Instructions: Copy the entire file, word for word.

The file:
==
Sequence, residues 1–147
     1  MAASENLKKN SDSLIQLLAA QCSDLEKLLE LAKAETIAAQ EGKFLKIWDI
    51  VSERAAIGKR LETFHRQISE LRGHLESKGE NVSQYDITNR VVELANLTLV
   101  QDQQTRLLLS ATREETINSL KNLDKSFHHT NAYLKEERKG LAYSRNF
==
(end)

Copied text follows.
Sequence, residues 1–147
     1  MAASENLKKN SDSLIQLLAA QCSDLEKLLE LAKAETIAAQ EGKFLKIWDI
    51  VSERAAIGKR LETFHRQISE LRGHLESKGE NVSQYDITNR VVELANLTLV
   101  QDQQTRLLLS ATREETINSL KNLDKSFHHT NAYLKEERKG LAYSRNF